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I run the heater in the shop pointed directly at the project. Let that go for a few hours then I figure the glue will mostly finish curing on it's own. I've had nothing but bad luck trying to get joints to stay when it's under 50 in there (without some sort of heat.) And I don't know about other people but I've had no better success with West Systems Epoxy in lower temps. 

I've definitely taken my fair share of projects into the basement for glueup.

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41 minutes ago, jplemons said:

So, I guess nothing got built 100 years ago, either?

Roaring fire and hide glue. 

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Look at how long parts of Cremona's high boy were cut and dry fit before they got glued up.  If you cut the joinery while the parts are straight and square and then it warps a tiny bit after the fact the joinery will tend to force it back the way it was before.

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41 minutes ago, krtwood said:

Look at how long parts of Cremona's high boy were cut and dry fit before they got glued up.  If you cut the joinery while the parts are straight and square and then it warps a tiny bit after the fact the joinery will tend to force it back the way it was before.

Cremona’s highboy lumber was air dried in a climate controlled basment and then moved to a climate controlled shop. IMHO this is very different then going from a non heated garage to a climate controlled space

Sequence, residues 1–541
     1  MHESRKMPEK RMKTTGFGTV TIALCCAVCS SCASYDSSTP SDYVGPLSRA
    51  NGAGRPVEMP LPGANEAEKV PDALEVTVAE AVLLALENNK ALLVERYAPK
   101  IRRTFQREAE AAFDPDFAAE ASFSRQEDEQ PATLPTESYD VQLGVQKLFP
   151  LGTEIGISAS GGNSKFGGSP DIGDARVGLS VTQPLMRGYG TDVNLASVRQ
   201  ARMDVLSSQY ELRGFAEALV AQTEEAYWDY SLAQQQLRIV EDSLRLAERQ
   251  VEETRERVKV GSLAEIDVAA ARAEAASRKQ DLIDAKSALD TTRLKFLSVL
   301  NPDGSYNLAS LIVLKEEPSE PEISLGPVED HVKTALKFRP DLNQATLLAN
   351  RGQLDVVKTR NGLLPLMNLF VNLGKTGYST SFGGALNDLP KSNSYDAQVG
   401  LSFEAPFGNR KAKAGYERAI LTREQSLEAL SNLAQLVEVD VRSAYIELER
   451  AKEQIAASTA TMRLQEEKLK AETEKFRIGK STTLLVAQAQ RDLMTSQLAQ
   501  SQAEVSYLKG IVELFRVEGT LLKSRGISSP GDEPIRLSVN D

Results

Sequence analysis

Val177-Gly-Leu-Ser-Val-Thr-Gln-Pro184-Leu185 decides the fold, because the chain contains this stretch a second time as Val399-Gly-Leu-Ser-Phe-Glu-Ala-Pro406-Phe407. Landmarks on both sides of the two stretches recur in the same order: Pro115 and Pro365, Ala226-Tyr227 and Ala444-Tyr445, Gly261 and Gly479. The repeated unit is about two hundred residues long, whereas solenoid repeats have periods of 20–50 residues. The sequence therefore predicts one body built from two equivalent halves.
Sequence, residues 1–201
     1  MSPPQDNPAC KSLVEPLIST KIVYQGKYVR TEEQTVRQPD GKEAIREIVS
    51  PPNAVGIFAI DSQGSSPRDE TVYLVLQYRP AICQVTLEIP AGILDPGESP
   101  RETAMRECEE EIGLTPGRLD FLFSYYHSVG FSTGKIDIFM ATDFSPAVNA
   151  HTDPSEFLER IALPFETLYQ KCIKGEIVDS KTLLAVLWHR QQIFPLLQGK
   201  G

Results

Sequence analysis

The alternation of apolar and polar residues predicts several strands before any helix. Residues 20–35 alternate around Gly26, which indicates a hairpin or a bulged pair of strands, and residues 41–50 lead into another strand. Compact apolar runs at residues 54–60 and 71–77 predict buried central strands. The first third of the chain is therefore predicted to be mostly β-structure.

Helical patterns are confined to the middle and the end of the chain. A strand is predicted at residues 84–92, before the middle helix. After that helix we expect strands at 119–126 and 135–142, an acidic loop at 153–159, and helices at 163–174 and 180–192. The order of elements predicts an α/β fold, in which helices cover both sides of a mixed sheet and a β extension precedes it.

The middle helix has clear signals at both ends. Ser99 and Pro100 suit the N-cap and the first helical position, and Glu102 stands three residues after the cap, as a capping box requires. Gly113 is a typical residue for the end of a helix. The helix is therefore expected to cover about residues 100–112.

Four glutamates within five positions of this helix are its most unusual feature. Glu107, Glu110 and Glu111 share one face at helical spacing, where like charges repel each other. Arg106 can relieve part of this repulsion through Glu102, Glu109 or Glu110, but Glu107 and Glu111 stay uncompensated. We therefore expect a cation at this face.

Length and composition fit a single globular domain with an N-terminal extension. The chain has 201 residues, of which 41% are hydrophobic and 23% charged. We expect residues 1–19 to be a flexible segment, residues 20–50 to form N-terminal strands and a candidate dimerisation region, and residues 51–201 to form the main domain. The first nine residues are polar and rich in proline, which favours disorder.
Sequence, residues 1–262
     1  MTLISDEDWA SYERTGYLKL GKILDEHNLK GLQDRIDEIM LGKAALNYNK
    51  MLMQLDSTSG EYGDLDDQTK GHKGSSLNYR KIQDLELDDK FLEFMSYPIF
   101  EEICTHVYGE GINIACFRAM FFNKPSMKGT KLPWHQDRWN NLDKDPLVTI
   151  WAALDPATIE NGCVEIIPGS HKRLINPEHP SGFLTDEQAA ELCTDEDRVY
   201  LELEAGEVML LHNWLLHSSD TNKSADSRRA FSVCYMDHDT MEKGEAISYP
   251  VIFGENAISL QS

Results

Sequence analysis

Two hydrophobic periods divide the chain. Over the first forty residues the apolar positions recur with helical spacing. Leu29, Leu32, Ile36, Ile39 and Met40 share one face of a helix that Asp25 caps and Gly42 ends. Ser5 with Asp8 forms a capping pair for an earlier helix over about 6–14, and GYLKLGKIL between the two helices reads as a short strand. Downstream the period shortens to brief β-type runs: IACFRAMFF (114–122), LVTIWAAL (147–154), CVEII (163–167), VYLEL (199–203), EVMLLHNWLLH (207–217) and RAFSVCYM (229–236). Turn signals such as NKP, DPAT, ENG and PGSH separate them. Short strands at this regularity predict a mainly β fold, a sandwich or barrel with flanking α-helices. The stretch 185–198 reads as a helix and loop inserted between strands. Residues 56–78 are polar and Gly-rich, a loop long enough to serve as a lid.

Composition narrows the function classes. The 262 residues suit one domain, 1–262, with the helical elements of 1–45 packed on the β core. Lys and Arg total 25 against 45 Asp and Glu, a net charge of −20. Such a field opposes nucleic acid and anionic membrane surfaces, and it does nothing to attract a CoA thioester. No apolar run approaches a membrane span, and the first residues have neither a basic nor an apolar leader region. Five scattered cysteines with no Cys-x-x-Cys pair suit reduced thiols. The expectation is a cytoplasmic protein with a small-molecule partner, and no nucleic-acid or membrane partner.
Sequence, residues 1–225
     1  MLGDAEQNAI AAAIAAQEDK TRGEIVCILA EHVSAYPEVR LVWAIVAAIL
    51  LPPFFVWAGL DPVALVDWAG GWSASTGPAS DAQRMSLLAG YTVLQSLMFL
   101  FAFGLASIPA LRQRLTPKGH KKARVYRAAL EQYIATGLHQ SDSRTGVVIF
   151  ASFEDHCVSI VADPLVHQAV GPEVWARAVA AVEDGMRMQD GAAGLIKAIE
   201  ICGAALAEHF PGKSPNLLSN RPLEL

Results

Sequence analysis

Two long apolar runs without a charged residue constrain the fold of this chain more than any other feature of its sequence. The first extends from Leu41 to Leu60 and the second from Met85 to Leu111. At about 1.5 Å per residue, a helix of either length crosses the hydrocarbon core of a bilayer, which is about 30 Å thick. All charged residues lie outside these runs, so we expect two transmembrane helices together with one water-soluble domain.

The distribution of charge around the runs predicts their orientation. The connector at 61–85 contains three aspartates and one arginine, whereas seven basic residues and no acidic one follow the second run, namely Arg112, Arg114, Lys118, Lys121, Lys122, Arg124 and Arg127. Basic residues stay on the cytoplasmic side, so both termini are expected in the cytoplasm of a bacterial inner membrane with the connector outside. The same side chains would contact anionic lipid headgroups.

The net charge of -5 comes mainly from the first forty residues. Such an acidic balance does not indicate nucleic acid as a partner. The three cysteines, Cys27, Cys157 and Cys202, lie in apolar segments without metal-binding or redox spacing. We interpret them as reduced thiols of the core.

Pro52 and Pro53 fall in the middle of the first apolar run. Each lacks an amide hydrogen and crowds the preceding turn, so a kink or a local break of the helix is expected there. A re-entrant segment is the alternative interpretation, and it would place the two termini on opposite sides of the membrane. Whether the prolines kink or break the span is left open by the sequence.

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I would love to work on this thing right now, but also can't afford anything to go wrong. It's one of those better safe than sorry situations. Especially since black cherry wood was probably not as expensive 100 years ago as it is today ;)

Another downside to my situation is that I live in a two bedroom apartment with two toddlers. I can't just stick stuff in the basement and after my last project, my wife isn't going to give up the kitchen table again for 3 days. It's either my 9 x 19 unheated garage or nothing I'm afraid.

Really appreciate all the advice though!

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8 hours ago, NH_Lignum said:

I would love to work on this thing right now, but also can't afford anything to go wrong. It's one of those better safe than sorry situations. Especially since black cherry wood was probably not as expensive 100 years ago as it is today ;)

Another downside to my situation is that I live in a two bedroom apartment with two toddlers. I can't just stick stuff in the basement and after my last project, my wife isn't going to give up the kitchen table again for 3 days. It's either my 9 x 19 unheated garage or nothing I'm afraid.